Use of special order forms limiting antibiotic duration has proved to be particularly effective within the field of perioperative antibiotic prophylaxis. In several prospective, quasi-experimental before-and-after studies the effect of automatic stop order forms on antibiotic consumption, costs and guideline adherence to avoid extended prophylaxis was evaluated. By educational training, an overall 20–30 % improvement in guideline adherence was observed with respect to choice of drug and duration of antimicrobial use, with one study also showing improvement in appropriate timing of perioperative antibiotic prophylaxis before incision. This resulted in a reduction of surgical site infections from 3.2 to 1.9 %, a reduction in cost of USD 3000/100 patient-days and a reduction in consumption of approximately 20 DDD/100 patient-days [128, 129, 130, 131, 132]. Other equally effective automated stop orders limiting total duration of treatment (e.g. 14 days) or restricting duration of reserve drugs such as vancomycin or carbapenems (72 h for empiric therapy, 7 days for therapeutic indication) have been described. Treatment beyond was only possible following consultation with the infectious diseases specialist or pharmacist. As a result, consumption of these substances was reduced by 10–25 % [125, 133, 134].

Specific programmes to restrict antimicrobial use can minimise nosocomial infections (e.g. C. difficile) and the increase of resistant pathogens (ESBL, MRSA) by a rapid and marked alteration in consumption. However, such programmes are usually only temporary and lack sustainable efficacy [22]. Restriction strategies are adopted in coordination with the Therapeutics and Drugs Committee, Hospital Infection Control Committee, the pharmacy, and hospital management. Timely and continuous surveillance of consumption, infectious diseases and resistance data are to be assured, to monitor compliance, but also to be able to rapidly identify possible negative impacts. The importance of instituting a programme for the surveillance of antimicrobial use including unrestricted antibiotics, cost and the development of resistance demonstrated by a prospective quasi-experimental observational study at a 450-bed hospital in Greece. In the study, use of carbapenems, third-generation cephalosporins, and fluoroquinolones was restricted based on a national recommendation in context of growing resistance among Gram-negative microorganisms. As a result, ciprofloxacin and ceftazidime consumption decreased as desired by 28 and 42 %, respectively. Subsequently, susceptibility of P. aeruginosa (32–45 %) and E. coli (77–84 %) to ciprofloxacin increased. On the other hand, susceptibility of K. pneumoniae to ciprofloxacin (80–60 %) and ceftazidime (61–46 %) continued to decrease. Of note, piperacillin/tazobactam use increased by 271 % and overall costs and consumption were 12–13 % higher than before intervention [135, 136].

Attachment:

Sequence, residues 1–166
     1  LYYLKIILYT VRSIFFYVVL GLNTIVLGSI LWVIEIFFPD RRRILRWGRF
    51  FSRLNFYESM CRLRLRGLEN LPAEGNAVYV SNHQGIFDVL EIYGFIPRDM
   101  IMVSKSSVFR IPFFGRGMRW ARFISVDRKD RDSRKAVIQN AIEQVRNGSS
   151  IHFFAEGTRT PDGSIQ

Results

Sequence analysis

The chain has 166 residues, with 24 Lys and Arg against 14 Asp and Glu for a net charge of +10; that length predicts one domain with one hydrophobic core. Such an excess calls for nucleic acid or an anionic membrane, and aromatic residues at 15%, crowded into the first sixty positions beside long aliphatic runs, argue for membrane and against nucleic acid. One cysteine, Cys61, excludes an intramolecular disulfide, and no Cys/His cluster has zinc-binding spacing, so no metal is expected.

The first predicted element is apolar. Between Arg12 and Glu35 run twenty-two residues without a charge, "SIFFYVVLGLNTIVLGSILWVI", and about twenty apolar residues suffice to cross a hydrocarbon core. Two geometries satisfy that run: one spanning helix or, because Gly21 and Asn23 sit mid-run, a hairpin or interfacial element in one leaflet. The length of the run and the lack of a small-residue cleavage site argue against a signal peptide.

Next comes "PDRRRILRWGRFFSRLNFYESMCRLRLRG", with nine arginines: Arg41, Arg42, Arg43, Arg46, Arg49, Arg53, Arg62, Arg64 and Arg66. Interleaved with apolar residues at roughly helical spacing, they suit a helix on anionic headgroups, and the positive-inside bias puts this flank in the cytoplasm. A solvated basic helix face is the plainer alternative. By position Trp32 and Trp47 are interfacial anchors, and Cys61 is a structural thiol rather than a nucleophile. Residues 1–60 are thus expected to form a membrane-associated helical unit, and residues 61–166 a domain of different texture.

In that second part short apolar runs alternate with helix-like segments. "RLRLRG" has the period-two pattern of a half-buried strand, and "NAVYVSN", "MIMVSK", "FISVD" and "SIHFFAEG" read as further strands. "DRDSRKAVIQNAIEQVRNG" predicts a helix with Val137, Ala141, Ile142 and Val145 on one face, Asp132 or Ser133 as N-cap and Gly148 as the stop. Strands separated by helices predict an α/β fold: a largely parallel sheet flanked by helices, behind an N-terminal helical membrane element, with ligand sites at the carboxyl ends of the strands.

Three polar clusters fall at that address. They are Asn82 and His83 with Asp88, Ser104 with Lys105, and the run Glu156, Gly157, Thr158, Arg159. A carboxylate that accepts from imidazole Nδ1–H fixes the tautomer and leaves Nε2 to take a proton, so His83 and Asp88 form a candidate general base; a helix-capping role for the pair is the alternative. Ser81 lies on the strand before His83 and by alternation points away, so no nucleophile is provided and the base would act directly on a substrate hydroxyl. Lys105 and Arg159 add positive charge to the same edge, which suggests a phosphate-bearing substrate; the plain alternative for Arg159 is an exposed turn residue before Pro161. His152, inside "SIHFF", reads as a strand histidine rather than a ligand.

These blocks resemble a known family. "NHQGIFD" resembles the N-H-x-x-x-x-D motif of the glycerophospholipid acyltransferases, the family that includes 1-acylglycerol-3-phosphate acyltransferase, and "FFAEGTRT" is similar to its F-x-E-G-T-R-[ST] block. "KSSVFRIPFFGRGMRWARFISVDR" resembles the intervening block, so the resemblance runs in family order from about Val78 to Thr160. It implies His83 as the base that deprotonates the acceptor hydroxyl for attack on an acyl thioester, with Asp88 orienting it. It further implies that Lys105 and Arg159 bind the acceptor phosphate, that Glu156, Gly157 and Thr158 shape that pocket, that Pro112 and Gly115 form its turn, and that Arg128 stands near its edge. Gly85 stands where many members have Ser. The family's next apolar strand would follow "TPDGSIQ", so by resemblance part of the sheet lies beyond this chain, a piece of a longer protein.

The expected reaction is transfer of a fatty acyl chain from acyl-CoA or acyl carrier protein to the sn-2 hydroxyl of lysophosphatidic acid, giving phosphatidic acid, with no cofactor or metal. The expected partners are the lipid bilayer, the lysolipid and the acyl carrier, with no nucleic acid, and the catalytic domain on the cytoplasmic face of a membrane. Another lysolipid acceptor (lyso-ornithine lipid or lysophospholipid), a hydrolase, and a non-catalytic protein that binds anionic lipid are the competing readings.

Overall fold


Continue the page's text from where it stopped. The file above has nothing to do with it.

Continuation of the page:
Programmes restricting use of cephalosporins and fluoroquinolones have been repeatedly examined for their “ecological” effects [137, 138, 139, 140]. Multicenter controlled investigations in France show a 90 % reduction in fluoroquinolone use after introduction of a time-limited restriction, resulting in a significant reduction in MRSA. Reintroduction of fluoroquinolones was associated with a significant increase in MRSA compared to the previous period [141, 142]. A new study from France shows that even less restrictive fluoroquinolone use (20 % reduction) combined with improved hand hygiene also reduces the rate of MRSA (moderate) and at the same time impacts positively on resistance of P. aeruginosa to fluoroquinolones [143]. Other new studies demonstrate effects of changes in fluoroquinolone prescribing practice on C. difficile-associated diarrhoea [144, 145, 146, 147, 148]. The effects, however, are not always due to the fluoroquinolone reduction alone.

Design and implementation of education, training and information

The guideline development group recommends: